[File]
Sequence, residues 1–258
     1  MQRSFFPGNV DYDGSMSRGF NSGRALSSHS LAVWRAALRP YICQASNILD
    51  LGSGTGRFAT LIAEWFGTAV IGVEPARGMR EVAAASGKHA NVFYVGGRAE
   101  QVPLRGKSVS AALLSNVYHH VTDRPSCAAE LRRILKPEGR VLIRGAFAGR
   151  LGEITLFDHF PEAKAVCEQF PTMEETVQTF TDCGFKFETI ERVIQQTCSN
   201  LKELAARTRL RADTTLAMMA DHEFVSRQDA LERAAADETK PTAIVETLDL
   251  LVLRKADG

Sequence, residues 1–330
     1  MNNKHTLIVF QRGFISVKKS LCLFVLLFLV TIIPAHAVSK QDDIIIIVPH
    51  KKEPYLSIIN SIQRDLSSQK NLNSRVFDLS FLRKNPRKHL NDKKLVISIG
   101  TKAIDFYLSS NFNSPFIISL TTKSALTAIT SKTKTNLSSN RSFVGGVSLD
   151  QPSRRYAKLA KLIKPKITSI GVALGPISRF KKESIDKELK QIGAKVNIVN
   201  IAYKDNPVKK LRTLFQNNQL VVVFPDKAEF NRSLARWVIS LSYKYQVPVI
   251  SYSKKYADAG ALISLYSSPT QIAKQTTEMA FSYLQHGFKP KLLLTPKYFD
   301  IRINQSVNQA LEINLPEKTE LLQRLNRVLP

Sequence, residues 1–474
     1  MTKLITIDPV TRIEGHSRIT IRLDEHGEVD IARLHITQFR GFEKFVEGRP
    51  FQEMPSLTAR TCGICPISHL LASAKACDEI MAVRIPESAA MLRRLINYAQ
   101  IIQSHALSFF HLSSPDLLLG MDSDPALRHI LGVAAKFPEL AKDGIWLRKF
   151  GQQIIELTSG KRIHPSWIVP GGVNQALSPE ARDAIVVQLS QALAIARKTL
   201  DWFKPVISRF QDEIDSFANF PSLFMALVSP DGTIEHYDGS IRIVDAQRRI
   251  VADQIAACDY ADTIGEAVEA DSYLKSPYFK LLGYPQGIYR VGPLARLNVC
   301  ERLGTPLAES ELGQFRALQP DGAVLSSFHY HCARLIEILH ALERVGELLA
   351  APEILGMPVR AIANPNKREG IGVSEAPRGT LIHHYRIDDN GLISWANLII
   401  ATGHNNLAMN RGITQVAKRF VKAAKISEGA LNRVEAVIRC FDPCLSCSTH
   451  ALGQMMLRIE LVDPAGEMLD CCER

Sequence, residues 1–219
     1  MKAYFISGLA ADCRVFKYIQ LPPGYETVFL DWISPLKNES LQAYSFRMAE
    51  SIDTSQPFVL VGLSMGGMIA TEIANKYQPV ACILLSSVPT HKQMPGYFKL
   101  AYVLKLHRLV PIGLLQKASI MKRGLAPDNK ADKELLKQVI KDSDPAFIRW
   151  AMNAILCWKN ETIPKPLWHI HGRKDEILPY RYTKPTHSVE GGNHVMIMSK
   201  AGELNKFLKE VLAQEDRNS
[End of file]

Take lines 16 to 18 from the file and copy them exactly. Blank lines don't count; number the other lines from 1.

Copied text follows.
Sequence, residues 1–474
     1  MTKLITIDPV TRIEGHSRIT IRLDEHGEVD IARLHITQFR GFEKFVEGRP
    51  FQEMPSLTAR TCGICPISHL LASAKACDEI MAVRIPESAA MLRRLINYAQ